I read for breakfast. I`m not a morning person. For decades I got up at the last possible minute, chugging down black tea while rushing around trying to get ready on time. A few years ago, sick of starting every day stressed and frantic, I reset my alarm to half an hour earlier. Now I sit for twenty minutes, eat a bagel, sip my tea and read. Something non-fiction, usually. Something that reminds me of what matters, or fires me up for the day. I sometimes read too long and end up having to rush anyway. But it`s worth it. Whatever else happens that day I`ve read something, and fed my soul as well as my stomach.

I don`t have the internet on my phone. In those moments of nothing-time – waiting rooms, airports, coffee breaks – I don`t check my twitter feed, or the latest score, or my emails. Instead, I pull out a book and read, or a pen and paper and write. If I don`t have those things to hand I think about a story instead.

I don`t paint my nails or make my bed. I`ve never watched a “scripted reality TV show”. My garden is a mess and I`ve given up making my own bread.

I also have a tendency to go far too long without seeing my friends, frequently ignore the one million things on my to-do list and don`t get out into this incredible world as often as I should.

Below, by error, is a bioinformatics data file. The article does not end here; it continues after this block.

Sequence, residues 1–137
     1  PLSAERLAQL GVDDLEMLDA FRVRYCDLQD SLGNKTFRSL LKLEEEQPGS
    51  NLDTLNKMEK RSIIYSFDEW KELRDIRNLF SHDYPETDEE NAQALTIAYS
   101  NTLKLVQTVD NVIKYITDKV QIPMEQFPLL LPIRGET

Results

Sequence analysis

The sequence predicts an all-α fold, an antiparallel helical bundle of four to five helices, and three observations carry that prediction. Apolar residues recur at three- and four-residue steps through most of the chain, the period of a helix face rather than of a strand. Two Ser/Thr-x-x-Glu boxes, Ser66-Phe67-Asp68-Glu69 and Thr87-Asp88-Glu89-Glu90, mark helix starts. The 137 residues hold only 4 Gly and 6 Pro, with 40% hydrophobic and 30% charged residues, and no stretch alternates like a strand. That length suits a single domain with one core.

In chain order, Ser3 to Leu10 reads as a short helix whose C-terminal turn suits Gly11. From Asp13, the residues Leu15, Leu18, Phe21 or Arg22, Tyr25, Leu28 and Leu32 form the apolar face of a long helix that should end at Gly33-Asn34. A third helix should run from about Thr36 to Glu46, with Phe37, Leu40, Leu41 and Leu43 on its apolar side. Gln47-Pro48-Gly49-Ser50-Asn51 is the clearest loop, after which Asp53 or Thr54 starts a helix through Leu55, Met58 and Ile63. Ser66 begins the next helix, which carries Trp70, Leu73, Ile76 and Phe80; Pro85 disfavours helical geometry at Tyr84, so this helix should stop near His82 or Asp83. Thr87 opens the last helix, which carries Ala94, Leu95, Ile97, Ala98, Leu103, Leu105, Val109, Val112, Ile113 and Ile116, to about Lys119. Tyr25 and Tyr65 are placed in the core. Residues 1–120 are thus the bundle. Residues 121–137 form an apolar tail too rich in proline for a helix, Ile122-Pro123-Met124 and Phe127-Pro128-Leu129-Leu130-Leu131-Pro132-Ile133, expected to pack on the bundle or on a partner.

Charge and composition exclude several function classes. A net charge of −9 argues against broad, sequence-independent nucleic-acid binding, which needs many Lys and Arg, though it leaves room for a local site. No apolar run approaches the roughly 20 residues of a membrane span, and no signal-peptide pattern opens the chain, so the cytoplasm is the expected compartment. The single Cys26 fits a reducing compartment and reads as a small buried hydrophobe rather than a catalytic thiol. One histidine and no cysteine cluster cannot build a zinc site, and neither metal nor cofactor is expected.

But. I get to read. And the more I read, and write, I`m starting to kill off the nagging guilt that I`m pretending this is my job, and instead delight and marvel that it really, actually is.

‘My mother always told me I had lousy timing. Of course, she was talking about the Viennese waltz, the Argentinian tango and the foxtrot. My current timing issue involved five Chinese businessmen and a psychological breakdown.’

Since the death of her partner Fraser in a car crash 18 months ago, Ruth has been struggling to cope with a never-ending mountain of his secret debts while trying to hold it together for her 14 year old daughter Maggie and keep on top of things at work – despite her boss’s sleazy advances. One morning, she has had enough. After a very dramatic and public resignation from her job, there is only one place left to go.

Ruth arrives back at her parents’ home in Southwell, Nottinghamshire after 8 years away – exhausted, thin, and past caring. Will her well-meaning whirlwind of a mother manage to inspire her youngest daughter to seek new adventures and new friendships? Will her estranged father, to whom she has always been a disappointment, ever approve of her and his unconventional wild-haired granddaughter? Will the pink-cagoul-clad Ruby’s friendship with her father threaten her parents’ future happiness? Will the attractive and persistent Dr Carl win Ruth’s heart? Or is there still a chance for Ruth with the boy next door, the childhood sweetheart who broke her heart 15 years ago?

As Ruth settles back unsteadily into life in Southwell, new bonds are formed and secrets are shared. Can Ruth be persuaded to hope, to love and to dance again?

I Hope You Dance is a feel-good tale of love, loss, friendship and new beginnings – guaranteed to bring a smile to your face this autumn.